The ASIS 1996 Annual Meeting will consider the complexity of the working world of
information professionals as well as theoretical perspectives involving the nature
and use of information. The following are among the topics to be addressed:
- Generation and dissemination of information. How do individuals and organizations produce and recognize informative materialsusing multiple technologies and myriad, networked resources? What can be learned from parallels with the incunabula period of printing, when proliferation of documents led to higher literacy?
- Information organization and access. It has been said that traditional publishing guarantees some quality precisely because of its time lag. With information being provided instantaneously, can we assure quality without tacitly endorsing censorship? How can multiple organizations be created, maintained, and made useful? If interfaces evolve to cope with complexity, what will be the roles of intermediaries?
- Social implications of complex information systems. When anyone with a file server on the Internet can look like a multinational conglomerate, will Davids slay Goliaths? What will promote innovation, and how will it be recognized? Who will own what, and how can information producers protect themselves? Will traditionally underserved groups find access to complex information resources?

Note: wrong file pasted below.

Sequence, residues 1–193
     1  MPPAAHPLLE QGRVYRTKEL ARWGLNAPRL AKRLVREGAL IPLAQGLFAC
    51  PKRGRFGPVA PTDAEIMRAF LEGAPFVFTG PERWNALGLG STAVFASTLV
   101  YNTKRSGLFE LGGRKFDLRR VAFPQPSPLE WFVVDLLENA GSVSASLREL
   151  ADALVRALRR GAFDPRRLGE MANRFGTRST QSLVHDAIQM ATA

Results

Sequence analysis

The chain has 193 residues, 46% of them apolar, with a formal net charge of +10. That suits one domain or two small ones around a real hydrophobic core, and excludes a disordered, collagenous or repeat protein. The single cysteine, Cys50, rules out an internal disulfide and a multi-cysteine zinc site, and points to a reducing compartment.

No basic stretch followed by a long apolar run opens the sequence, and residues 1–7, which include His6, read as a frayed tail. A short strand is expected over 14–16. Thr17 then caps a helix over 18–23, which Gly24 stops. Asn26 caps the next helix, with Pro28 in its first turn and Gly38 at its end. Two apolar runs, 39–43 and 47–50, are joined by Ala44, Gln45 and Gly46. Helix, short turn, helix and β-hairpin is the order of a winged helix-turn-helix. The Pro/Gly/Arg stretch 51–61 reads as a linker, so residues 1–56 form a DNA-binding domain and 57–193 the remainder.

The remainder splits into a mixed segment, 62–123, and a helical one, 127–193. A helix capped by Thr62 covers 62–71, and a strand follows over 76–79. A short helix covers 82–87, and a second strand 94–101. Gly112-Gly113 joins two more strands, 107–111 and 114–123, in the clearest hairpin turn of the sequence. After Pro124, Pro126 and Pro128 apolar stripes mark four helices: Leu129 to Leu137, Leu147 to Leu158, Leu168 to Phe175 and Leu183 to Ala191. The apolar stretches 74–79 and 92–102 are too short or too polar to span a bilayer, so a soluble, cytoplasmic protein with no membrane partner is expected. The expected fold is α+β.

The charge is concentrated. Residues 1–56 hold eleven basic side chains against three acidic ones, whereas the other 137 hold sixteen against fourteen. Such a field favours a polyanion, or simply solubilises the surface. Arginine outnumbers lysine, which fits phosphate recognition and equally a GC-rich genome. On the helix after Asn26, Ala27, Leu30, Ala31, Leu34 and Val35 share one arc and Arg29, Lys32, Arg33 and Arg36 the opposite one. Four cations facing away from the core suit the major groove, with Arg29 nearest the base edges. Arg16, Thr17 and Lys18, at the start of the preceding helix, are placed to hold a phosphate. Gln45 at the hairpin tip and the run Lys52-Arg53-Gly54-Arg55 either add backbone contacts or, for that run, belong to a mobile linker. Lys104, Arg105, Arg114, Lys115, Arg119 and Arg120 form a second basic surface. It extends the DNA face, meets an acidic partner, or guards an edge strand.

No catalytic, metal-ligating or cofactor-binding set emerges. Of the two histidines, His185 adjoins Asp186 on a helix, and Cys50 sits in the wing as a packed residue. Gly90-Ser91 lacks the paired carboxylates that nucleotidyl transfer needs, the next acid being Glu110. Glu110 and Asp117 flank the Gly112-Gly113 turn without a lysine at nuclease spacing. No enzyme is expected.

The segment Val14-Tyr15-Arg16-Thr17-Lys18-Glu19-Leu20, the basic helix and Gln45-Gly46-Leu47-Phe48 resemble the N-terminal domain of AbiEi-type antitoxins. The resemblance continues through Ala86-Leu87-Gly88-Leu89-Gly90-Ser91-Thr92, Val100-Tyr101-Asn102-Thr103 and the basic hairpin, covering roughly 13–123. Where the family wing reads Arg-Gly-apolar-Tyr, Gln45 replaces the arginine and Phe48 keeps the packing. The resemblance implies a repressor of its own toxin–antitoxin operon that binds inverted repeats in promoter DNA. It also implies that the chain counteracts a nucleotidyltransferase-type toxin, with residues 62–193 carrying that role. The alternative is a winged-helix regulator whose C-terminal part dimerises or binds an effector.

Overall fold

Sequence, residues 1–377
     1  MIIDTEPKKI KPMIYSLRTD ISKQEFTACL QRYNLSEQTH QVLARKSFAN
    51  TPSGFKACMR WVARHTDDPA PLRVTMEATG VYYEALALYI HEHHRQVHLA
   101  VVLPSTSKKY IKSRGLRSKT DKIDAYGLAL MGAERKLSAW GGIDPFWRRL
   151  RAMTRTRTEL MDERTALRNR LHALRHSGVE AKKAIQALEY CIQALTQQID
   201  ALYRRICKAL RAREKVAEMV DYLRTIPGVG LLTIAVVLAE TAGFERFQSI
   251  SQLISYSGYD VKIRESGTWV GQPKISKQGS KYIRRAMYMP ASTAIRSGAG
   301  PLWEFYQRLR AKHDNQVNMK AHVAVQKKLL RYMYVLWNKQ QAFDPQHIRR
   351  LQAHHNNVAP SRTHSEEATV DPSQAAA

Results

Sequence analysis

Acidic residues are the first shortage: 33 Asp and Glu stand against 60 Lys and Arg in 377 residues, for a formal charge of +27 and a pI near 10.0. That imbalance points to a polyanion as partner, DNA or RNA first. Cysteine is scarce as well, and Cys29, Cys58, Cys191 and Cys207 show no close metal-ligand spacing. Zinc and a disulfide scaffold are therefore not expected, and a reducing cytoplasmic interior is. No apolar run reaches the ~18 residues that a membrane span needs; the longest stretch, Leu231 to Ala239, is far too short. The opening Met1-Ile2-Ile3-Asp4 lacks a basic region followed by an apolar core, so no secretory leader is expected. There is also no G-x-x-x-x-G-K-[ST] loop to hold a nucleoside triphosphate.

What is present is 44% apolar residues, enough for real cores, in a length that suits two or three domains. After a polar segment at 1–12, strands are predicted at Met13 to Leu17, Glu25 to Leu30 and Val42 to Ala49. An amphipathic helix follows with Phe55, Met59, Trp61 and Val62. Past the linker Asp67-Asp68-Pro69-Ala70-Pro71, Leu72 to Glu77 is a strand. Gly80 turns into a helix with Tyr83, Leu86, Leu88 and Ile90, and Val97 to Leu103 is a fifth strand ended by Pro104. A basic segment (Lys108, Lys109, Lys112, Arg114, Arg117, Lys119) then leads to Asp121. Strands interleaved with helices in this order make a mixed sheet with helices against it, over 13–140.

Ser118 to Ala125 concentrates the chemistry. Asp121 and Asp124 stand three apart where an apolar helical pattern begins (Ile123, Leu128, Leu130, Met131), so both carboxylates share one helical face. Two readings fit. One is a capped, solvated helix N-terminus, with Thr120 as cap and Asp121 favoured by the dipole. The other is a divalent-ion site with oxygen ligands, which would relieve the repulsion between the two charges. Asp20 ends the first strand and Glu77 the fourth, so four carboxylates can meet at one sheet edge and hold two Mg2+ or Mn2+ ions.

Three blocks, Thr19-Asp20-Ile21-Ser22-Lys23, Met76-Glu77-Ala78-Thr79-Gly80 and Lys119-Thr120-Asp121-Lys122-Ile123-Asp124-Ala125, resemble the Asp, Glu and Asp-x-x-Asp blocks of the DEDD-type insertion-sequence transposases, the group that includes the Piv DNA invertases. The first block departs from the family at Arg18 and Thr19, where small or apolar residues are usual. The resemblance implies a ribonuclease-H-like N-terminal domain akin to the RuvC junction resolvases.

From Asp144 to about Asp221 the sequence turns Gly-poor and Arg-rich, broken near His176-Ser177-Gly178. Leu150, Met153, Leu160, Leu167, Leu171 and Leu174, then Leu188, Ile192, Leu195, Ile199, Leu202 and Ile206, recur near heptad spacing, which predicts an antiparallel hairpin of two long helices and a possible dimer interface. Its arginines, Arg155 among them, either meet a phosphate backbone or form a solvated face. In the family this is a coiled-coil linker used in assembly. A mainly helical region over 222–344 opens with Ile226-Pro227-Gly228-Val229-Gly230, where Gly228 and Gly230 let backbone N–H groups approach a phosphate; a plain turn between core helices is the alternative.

|A Broad-based Look at the State-of-the-Art in the Information World of the 1990s.
|Online Visuals||Browsing Online|
|Intrernet Resources||Information Warfare|
|Interactive Retrieval||Creating an Electronic Journal|
|Online Catalogs||New Interfaces for the Web|
|Interface Design and Navigation||Sustainable Global Development|
|Free Speech and Privacy||Competitive Intelligence|
|Digital Imagery||Automatic Text Summerization|
|Social Impacts of Digital Libraries||Curricula for the 21st Century|
|Usability Testing||Measures in Information Retrival|
|Icons & the Web||Indexing and Abstracting|
|Archival Control||Bibliometrics, Indexing and the Web|
Eli Noam, Director, Columbia Institute for Tele Information
Ivars Peterson, Mathematics and Physics Editor, Science News
Technical Program Committee
Charles H. Davis, co-chair
Debora Shaw, co-chair
Merri Beth Lavagnino
For more than 50 years, the Association for Information Science (ASIS) has been
the leader in keeping information professionals on the cutting edge. ASIS provides
high quality conference programs for information systems developers, online
professionals, information resource managers, librarians, records managers and others
who "bridge the gap" between the present and the future, between research and
application, and between developer and user. ASIS helps its 4000 members and its
conference participants meet the challenges of today and prepare for tomorrow.
Association for Information Science
8720 Georgia Avenue, Suite 501
Silver Spring, MD 20910
(301) 495-0900 . . . FAX: (301) 495-0810
GLOBAL COMPLEXITY: INFORMATION, CHAOS AND CONTROL
ASIS 1996 Annual Meeting - October 19 - 24 1996
[ASIS 1996 Annual Meeting]
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